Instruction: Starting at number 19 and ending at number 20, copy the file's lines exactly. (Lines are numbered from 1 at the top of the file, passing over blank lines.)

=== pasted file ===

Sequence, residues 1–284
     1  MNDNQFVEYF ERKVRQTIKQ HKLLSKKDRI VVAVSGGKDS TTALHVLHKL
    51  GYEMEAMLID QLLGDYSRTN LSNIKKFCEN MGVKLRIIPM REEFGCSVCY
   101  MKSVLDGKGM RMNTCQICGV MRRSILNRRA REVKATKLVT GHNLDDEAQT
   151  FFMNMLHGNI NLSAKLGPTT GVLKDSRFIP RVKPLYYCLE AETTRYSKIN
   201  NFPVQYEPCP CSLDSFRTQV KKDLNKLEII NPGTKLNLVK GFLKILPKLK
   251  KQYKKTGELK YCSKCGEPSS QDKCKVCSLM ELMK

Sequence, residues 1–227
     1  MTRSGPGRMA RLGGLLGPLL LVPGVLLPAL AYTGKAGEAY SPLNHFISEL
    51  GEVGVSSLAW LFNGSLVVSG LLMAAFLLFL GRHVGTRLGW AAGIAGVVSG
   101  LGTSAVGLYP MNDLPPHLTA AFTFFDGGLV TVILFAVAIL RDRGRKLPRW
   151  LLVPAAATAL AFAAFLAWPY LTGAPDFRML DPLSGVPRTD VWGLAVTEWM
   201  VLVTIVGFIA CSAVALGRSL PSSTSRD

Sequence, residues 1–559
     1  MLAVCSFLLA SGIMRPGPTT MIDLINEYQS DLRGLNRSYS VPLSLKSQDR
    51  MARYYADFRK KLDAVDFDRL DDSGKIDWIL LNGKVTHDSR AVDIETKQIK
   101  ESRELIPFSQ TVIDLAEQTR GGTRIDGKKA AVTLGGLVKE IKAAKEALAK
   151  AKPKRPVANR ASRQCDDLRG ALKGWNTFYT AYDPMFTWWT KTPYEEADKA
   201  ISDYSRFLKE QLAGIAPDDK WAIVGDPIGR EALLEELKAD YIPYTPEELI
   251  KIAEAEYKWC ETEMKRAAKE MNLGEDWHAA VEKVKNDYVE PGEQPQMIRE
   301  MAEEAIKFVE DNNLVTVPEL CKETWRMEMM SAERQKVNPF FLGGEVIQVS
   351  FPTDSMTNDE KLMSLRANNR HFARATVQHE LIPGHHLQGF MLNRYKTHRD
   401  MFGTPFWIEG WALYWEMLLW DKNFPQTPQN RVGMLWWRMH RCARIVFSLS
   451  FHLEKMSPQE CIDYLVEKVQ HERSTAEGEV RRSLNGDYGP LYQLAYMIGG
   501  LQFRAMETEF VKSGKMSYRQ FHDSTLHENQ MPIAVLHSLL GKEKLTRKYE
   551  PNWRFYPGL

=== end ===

   201  ISDYSRFLKE QLAGIAPDDK WAIVGDPIGR EALLEELKAD YIPYTPEELI
   251  KIAEAEYKWC ETEMKRAAKE MNLGEDWHAA VEKVKNDYVE PGEQPQMIRE